Reader Review: Demon Gaze (Vita)

DEMON_BOXMy good friend Leroy loves dungeon crawling RPGs, and since he has a Vita and I don’t, here’s his take on Demon Gaze for PS Vita.  Check it out!

Demon Gaze is a first person dungeon RPG for PlayStation Vita, developed by Experience Inc. and published by NIS America.

I love dungeon RPGs, I always have. They tend to emphasize the more gamey aspects of RPGs, which I’m all about. Over the years, they have slowly become a little more modernized, with friendlier mapping systems and more focus on characters and stories. Despite that, they are still clearly aimed at people that enjoy leveling up, looking for treasures, managing skill tress and getting excited when a boss has a good chance of destroying the player.

Demon Gaze puts you in the role of a gazer, a special somebody that has the ability to tame demons and utilize their powers. After being rescued by a retired gazer, you end up at an inn in a land overrun by monsters and tasked with capturing more demons. The story goes from here as you learn about the characters that live at the inn and of the land.

Of course, the real meat of the game is diving into dungeons and fighting monsters, and Demon Gaze delivers on this. Each dungeon has you finding and capturing a series of points on the map called magic circles, which will force the boss demon to appear once completed. Magic circles are a central part of the game, it’s not only how you progress in dungeons, but it’s also how you earn equipment and money. After most battles you will earn gems, which are placed on the magic circle points that summons a group of monsters. After defeating the summoned monsters, the gems turn into equipment (sword gems drop random swords, armor gems drop random armor, etc.). You can place three gems per circle, including modifier gems which generate stronger monsters and yield better rewards.

Another one of the main aspects of the game is how central the inn is. It’s where story elements unfold. Every time you return from a dungeon, you have to pay your rent. And you have to buy additional rooms in order to recruit new characters. The inn also contains shops, a bulletin board for quests and a machine that breaks down unwanted equipment that can later be used to enhance wanted equipment. You can buy furniture for your characters’ rooms to give them stat bonuses.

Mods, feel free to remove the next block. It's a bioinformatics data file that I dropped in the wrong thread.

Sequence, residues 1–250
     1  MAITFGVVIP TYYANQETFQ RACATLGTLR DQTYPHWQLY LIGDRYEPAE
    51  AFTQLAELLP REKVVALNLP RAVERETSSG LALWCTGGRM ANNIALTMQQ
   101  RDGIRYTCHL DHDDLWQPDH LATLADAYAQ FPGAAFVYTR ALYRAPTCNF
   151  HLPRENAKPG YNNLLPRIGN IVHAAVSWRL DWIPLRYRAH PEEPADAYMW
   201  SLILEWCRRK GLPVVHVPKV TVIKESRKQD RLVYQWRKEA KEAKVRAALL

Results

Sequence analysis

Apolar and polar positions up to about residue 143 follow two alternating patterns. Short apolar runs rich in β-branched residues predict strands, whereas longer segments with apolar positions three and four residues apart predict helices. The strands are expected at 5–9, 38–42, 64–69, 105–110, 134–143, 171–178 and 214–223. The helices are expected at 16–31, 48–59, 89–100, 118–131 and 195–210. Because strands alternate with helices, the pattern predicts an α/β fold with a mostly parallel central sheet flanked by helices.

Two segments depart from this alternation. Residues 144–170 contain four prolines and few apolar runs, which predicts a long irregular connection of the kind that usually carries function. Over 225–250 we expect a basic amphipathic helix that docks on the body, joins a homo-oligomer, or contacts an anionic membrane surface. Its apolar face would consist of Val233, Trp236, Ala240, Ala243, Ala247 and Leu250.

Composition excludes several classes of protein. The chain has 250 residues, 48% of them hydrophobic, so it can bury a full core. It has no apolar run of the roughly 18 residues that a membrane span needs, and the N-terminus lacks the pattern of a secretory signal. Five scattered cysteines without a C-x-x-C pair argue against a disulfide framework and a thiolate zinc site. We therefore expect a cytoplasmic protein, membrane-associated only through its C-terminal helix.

Defeated bosses can be used in battle and each boss has their own set of abilities, such as showing hidden doors or enhancing your party’s attack, defense or other stats. But using them too much in battle will make them turn on you. So it’s an interesting back and forth on how much you want to rely on their help.

Graphics are decent; we’ve come a long way from dull, unchanging brick walls, but even still, the dungeons in these games are never graphical showcases. Demon gaze does feature good, high resolution character art, although nothing is animated. The music in the game is a little strange, most tracks have vocal effects, but it doesn’t really sound good and it doesn’t really mesh well with the style of the game. It’s not bad, but it just feels out of place.

One of the only complaints I have is on the difficulty balance. Most of your standard battles require little more than mashing the X buttons until victory is achieved, but then the boss of that same area will take you out in two rounds, regardless of your strategy. Early on, one of the major problems is the sheer random and unpredictable manner in what equipment you get. This evens out later on when there’s less of an immediate need for good equipment and once you get the ether machine which allows you convert useless equipment into bonuses for other equipment. But it’s frustrating early on knowing you’re simply lacking some armor points and you can’t really go into the shop and buy something new (you CAN, it’s just not feasible early on when money is tight and you’re trying to buy new rooms).

Otherwise, it’s a good dungeon romp and fans of the genre will appreciate it. It doesn’t really stand out and excel in the genre, but it’s completely playable and enjoyable.


Kid Factor:

Demon Gaze is rated T for Teen with ESRB descriptors of Fantasy Violence, Language, Partial Nudity, Sexual Themes, and Use of Alcohol.  The biggest problem here is the high level of sexuality in the game. Most of the character portraits you can assign to your characters are barely dressed (both female and male) and a lot of the character flavor cut-scenes go into teasing and titillating territory. There is occasional harsh language. All enemy characters are still portraits, so there’s no visible violence outside of a few dramatic moments in the story.  –Leroy Capasso

2 Responses to “Reader Review: Demon Gaze (Vita)”

  1. Vita games are so coool 🙂

  2. anime style game, hmm looks interesting, time to get off the bubble shooter online flash game and try something new )

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